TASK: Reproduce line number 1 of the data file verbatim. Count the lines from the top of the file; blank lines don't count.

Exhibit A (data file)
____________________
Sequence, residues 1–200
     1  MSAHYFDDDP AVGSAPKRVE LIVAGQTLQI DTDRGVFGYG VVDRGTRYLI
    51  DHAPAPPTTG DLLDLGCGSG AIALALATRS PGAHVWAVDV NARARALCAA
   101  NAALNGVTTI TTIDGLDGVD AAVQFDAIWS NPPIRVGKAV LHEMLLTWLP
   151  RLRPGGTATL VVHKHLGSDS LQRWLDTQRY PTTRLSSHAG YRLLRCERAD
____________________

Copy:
Sequence, residues 1–200